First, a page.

Bar News - July 4, 2008
Too Many Rules
Before the Supremes imposed mandatory CLE, I attended quite a few seminars in areas related to my practice. That is now a rarity; I maintain a stack of CLE notices; if a day’s schedule crashes, I check if anything is scheduled locally. All you need to get in is a check. I have often neither known or cared what the CLE was about. Just give me my 12 hours. The ethics requirement is a real gasser: by that logic, require all citizens to sit in an auditorium for two hours per year being spoken to about virtue, and thus all would be virtuous.
Now TWMBO [Those Who Must Be Obeyed] are considering a mandatory pro bono requirement. A former employee wrote me that in 17 years, I never turned away anyone who came to my door. I do this because it is a religious requirement. So now I must start the clock running when someone needs help? What about those needy who do not precisely fit the pigeonholes that will be defined by the court? After all, I help people, not boards, committees or groups. Instead of being charitable, I will be hypocritical. I suggest that the Court leave this one alone.
Please do not publish my name, lest the pecksniffs at the PCC come nosing around.
Name withheld by request.
What Al Casassa Taught Me
Thanks to some encouragement from fellow law clerk Judge Sharon DeVries I started my legal career at Casassa and Ryan next to Colt News in Hampton in September of 1986. I was young and eager. What I quickly learned from Al [Casassa] and still remember today is that we were providing a service to the client. The client had to believe that they were actually getting something of value for the time we spent on the case. I was taught that it was not a good practice to simply send out a bill that listed every minute you had spent on the matter.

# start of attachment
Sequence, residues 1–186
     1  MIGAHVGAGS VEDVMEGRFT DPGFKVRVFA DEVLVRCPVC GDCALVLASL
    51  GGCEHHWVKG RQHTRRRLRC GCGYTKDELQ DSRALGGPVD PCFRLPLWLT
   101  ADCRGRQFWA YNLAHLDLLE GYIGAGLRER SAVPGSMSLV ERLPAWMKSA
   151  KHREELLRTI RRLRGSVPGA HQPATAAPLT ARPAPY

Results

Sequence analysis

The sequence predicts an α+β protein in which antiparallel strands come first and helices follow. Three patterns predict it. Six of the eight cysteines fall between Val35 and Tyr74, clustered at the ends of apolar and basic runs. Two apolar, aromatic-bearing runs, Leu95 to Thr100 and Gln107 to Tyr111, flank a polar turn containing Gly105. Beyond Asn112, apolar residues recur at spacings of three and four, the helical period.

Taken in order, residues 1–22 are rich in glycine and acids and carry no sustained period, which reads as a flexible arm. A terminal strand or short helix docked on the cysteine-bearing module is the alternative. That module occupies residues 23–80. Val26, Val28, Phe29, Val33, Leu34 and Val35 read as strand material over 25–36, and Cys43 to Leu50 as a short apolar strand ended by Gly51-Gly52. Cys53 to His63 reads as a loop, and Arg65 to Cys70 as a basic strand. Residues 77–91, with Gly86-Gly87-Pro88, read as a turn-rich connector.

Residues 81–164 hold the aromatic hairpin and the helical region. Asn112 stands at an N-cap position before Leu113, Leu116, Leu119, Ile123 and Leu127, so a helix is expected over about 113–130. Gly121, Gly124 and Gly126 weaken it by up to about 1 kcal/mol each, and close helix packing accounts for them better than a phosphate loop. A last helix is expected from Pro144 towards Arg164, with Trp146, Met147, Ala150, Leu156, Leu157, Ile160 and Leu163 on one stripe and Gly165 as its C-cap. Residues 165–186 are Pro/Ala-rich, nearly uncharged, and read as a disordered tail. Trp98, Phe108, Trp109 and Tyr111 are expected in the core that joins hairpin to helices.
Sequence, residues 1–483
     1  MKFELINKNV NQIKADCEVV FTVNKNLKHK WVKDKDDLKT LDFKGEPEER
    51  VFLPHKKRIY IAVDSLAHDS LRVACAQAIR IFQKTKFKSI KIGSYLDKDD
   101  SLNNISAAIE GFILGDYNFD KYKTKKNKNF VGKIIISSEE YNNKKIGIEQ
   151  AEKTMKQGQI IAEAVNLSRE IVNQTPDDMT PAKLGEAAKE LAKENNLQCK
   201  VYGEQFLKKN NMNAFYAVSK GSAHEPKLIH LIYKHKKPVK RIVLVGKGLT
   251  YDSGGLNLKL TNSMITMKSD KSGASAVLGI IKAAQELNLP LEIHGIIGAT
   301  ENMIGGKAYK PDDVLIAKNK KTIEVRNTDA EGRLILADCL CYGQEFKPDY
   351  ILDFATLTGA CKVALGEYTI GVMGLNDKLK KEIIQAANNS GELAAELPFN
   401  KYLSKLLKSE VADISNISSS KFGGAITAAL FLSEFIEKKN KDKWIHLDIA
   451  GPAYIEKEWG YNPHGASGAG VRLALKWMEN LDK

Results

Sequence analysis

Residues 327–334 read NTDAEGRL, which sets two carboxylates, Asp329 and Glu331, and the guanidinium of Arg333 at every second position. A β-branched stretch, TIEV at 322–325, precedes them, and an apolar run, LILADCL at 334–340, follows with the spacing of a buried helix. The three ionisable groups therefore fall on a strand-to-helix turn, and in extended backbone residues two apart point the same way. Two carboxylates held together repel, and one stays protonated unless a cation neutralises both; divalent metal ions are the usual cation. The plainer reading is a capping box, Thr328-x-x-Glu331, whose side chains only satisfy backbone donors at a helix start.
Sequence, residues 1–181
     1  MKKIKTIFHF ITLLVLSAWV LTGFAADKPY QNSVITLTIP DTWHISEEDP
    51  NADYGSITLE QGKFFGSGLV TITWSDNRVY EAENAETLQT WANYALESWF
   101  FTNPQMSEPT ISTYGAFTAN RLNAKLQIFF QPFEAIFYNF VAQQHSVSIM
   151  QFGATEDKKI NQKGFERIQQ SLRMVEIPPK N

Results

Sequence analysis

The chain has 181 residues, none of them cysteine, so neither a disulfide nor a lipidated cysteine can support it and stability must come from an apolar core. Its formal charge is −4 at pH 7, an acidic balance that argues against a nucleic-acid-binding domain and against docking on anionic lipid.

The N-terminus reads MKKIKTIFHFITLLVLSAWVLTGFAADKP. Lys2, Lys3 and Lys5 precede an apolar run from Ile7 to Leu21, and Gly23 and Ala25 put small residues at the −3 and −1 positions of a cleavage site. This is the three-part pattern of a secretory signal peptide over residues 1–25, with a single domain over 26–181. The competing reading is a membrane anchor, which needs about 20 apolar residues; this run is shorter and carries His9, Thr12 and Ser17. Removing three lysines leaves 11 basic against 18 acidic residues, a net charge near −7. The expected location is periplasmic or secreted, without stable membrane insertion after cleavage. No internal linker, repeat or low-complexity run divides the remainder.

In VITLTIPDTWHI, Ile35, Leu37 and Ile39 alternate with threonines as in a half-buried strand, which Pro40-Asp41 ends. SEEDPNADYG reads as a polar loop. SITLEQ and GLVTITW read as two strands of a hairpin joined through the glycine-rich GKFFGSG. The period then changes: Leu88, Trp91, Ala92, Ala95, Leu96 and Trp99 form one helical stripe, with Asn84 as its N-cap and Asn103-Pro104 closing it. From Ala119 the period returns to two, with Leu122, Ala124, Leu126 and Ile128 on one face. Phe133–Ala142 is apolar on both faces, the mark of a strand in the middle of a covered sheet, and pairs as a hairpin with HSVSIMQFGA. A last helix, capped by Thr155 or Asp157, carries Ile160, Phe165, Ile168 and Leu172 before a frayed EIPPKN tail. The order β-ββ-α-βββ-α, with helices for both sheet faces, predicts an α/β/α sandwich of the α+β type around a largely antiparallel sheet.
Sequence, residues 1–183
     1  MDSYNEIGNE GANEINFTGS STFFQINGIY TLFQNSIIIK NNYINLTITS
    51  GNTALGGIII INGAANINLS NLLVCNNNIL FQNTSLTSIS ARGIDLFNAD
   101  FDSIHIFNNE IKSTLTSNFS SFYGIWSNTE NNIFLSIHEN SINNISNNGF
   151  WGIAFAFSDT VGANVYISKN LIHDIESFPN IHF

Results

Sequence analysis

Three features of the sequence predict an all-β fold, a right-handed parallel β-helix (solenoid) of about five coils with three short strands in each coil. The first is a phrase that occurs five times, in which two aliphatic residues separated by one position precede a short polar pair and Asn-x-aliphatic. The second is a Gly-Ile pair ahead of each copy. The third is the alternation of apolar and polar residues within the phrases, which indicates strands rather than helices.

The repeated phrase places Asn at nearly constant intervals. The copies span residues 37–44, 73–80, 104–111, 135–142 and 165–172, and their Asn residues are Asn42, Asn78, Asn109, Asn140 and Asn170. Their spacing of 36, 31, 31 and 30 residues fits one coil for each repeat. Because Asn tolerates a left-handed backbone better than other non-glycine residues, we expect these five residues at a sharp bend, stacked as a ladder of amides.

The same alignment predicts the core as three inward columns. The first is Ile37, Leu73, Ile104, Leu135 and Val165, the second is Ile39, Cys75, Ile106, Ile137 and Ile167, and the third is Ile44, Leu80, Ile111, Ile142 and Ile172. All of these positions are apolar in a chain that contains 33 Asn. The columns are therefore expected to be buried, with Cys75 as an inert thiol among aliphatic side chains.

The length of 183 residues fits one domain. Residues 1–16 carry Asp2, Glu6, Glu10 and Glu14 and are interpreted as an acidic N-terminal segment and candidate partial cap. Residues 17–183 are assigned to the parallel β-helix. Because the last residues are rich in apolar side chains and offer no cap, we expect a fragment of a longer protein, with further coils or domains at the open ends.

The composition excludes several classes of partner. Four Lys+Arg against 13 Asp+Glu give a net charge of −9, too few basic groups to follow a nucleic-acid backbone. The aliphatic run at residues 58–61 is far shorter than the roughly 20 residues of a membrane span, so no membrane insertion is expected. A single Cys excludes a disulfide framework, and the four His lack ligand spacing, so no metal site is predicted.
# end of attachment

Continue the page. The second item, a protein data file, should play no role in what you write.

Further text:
The interests of the client were always paramount. The result of this approach over the past 50 years has been a base of loyal clients and the respect and admiration of everyone. Al Casassa could be trusted. You did not have to memorialize your conversations with him. He would often tell a client that hiring the firm would not be a good use of the client’s resources. By doing that he ensured that the client would return in the future. He knew that being fair and honest with clients was the most important part of the practice of law. Our state and our profession have been well served by Al Casassa. Congratulations Al. [Casassa is a 50-year member this year.]
Kenneth D. Murphy